If you’ve participated in sports at any level, you’ve likely encountered a coach who inspired you to be a better athlete, a better team player, or a better student. “How,” you may have wondered, “did they know the right things to do?”
Students wanting to coach individual and team youth sports will find a comprehensive approach in PHE 202 Coaching Methods. It combines sports and science with elements of the social sciences to provide a solid foundation for the coaching and administration of youth programs from prekindergarten through high school.
“The majority of students in the course want to be youth coaches, although we’ve have had 9 former students go on to coach in college and many at the high school level,” says Tim Hollibaugh, associate professor of physical education.
Flexibility and Diversity
Students learn the rules of major sports and then team with peers to conduct mini-clinics on skills such as post moves in basketball, situational hitting in baseball, and even Frisbee throwing. They also guide Grinnell preschoolers through simple games and activities for physical well-being.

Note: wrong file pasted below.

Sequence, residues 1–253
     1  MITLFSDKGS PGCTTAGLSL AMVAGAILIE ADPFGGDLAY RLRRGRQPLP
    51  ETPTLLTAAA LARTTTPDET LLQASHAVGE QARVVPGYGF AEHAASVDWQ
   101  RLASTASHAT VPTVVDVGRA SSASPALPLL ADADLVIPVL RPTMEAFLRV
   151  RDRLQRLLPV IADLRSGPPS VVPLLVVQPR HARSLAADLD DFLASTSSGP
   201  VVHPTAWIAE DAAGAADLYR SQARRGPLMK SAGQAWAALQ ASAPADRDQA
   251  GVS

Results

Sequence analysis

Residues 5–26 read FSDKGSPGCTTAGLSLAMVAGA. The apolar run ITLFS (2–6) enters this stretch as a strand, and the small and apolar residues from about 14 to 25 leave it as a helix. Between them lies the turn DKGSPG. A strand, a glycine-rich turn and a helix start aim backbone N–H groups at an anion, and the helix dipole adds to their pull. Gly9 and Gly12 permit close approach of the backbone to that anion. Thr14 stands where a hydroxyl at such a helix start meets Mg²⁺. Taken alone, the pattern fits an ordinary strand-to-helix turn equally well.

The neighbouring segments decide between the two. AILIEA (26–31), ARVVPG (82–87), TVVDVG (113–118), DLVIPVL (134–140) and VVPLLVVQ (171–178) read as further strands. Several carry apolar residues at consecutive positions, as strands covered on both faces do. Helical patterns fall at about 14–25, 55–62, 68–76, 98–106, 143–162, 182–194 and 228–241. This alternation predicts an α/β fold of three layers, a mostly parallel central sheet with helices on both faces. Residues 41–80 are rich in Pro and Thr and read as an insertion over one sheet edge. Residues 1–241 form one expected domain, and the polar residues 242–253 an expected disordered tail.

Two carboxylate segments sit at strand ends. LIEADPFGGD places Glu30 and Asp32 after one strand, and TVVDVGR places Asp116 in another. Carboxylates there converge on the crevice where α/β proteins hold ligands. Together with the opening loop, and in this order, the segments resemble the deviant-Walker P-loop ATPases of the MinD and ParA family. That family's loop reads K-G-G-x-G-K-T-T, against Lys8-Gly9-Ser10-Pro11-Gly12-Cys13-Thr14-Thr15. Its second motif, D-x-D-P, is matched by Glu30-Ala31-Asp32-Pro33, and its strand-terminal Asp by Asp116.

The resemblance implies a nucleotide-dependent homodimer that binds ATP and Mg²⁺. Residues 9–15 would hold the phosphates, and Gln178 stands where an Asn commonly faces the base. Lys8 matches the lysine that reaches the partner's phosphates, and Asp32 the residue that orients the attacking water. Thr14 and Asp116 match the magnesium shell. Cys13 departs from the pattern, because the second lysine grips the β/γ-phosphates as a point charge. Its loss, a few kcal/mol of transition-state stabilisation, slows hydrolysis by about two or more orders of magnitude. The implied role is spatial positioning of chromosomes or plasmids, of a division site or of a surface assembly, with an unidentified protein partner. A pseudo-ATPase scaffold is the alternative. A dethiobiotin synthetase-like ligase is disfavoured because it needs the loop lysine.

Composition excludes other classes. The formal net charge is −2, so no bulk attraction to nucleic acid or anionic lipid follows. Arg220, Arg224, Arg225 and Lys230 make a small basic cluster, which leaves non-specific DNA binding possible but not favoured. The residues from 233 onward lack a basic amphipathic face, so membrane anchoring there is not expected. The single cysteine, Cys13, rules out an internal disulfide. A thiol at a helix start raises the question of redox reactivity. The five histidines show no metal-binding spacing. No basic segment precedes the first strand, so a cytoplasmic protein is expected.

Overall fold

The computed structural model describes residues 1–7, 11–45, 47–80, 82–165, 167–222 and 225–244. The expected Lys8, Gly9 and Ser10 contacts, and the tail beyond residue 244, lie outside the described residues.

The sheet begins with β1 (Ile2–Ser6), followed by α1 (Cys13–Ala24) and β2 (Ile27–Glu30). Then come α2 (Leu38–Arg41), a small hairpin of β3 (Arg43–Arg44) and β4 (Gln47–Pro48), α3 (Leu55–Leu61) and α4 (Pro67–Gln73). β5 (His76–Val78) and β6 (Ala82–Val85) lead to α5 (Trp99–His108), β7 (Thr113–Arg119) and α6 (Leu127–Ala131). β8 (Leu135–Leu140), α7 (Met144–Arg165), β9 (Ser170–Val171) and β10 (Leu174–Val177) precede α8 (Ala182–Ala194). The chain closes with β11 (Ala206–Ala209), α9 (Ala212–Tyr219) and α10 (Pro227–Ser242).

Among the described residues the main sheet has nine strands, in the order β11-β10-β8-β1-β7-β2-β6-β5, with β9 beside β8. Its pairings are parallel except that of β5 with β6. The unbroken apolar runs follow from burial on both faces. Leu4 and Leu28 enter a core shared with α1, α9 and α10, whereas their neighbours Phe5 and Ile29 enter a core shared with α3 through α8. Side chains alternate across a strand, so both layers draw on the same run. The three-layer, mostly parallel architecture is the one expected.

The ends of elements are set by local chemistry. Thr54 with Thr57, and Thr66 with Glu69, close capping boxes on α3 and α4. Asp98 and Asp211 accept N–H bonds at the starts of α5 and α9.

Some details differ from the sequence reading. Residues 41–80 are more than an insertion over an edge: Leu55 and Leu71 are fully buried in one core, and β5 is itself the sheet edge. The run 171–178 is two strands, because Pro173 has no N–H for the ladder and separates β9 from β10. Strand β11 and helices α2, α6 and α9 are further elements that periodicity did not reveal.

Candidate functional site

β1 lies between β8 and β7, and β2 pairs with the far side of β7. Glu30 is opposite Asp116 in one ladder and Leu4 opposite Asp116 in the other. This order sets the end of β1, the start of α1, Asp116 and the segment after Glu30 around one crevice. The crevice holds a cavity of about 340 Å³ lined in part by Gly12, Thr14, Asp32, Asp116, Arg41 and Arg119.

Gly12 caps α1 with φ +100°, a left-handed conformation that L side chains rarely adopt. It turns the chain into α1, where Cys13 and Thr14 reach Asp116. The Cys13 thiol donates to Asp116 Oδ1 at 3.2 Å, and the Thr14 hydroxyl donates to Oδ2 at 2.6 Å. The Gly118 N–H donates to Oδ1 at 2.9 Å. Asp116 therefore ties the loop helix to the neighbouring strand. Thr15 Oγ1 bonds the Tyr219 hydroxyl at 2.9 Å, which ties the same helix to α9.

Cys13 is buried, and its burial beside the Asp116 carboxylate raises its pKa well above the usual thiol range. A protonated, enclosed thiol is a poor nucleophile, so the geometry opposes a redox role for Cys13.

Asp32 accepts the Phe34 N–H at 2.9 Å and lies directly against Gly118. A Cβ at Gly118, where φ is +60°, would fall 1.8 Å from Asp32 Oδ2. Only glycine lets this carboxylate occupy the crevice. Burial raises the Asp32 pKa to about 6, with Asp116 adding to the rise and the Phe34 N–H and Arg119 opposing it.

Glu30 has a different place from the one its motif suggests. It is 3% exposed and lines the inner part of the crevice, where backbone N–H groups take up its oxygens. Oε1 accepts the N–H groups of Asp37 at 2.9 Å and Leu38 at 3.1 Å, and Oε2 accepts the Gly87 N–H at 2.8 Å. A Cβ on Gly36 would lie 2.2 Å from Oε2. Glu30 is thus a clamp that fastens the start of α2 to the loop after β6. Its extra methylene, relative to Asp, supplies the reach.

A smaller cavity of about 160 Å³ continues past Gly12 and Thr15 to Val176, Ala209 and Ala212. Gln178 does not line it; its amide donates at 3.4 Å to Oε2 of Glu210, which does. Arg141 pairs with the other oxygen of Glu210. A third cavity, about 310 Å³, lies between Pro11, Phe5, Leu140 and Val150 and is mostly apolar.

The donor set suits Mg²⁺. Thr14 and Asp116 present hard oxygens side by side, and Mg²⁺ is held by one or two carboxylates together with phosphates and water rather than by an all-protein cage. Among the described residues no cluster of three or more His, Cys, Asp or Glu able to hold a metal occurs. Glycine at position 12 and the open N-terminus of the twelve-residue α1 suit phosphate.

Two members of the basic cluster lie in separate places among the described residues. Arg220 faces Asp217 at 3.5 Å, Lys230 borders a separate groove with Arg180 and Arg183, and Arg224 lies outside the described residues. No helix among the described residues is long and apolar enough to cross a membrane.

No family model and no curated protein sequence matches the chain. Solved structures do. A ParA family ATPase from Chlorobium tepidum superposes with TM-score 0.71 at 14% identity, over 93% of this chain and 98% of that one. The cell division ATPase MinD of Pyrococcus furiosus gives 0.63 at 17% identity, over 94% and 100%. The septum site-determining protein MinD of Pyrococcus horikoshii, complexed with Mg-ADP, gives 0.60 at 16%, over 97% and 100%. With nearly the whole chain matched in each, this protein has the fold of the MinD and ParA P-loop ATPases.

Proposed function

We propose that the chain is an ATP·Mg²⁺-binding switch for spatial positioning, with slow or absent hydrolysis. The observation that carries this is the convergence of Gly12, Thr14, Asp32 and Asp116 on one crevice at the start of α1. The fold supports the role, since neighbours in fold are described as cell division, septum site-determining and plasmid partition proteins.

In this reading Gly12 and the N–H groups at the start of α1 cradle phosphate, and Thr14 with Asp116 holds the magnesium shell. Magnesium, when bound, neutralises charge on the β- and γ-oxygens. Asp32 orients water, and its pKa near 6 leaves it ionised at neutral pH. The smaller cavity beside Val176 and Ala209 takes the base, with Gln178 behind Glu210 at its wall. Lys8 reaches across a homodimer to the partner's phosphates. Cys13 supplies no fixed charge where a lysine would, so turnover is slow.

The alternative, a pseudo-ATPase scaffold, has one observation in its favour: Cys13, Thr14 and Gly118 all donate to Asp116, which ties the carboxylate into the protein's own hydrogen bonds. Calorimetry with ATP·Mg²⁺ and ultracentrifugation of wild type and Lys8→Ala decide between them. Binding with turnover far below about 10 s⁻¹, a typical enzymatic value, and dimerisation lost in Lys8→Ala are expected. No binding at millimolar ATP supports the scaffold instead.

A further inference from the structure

“We talk about navigating a budget and setting up a recreational league in addition to leadership, discipline, working in teams — fundamentals that translate to academics and the professional world,” Hollibaugh says.
Other sections of the course focus on respecting the thoughts and opinions of others and promoting open dialogue among participants representing different cultures, values that Hollibaugh says are “ingrained in the sports we teach at Grinnell.”
Students who complete the course receive a coaching endorsement from the American Sport Education Program, the basic licensure accepted in most states.
Theory into Practice
Daria Guzzo ’19, a team captain for Grinnell women’s basketball in the 2018–19 season, says she’s gaining an understanding of theoretical concepts as well as new perspectives on issues and challenges athletic teams face.
“Coach Hollibaugh prompts us to think about our experiences and the coaches we’ve had, because there are so many types of coaching methods and no perfect way to coach,” Guzzo says. “Getting outside our ‘player’s’ mindset and into the coach’s has been interesting.”
Guzzo says switching between coaching toddlers and college athletes provides insight into how working with different age groups relates to the motivation and objectives for coaching.
“The course prepares us very well for challenges that come on the field, on the practice field, and off the field as an administrator,” Guzzo says.
Preparation for Life and Career
“There are a lot of lessons that apply to work life and social life; it’s a great social skills class,” Guzzo says. “I’m really gaining a lot from it.”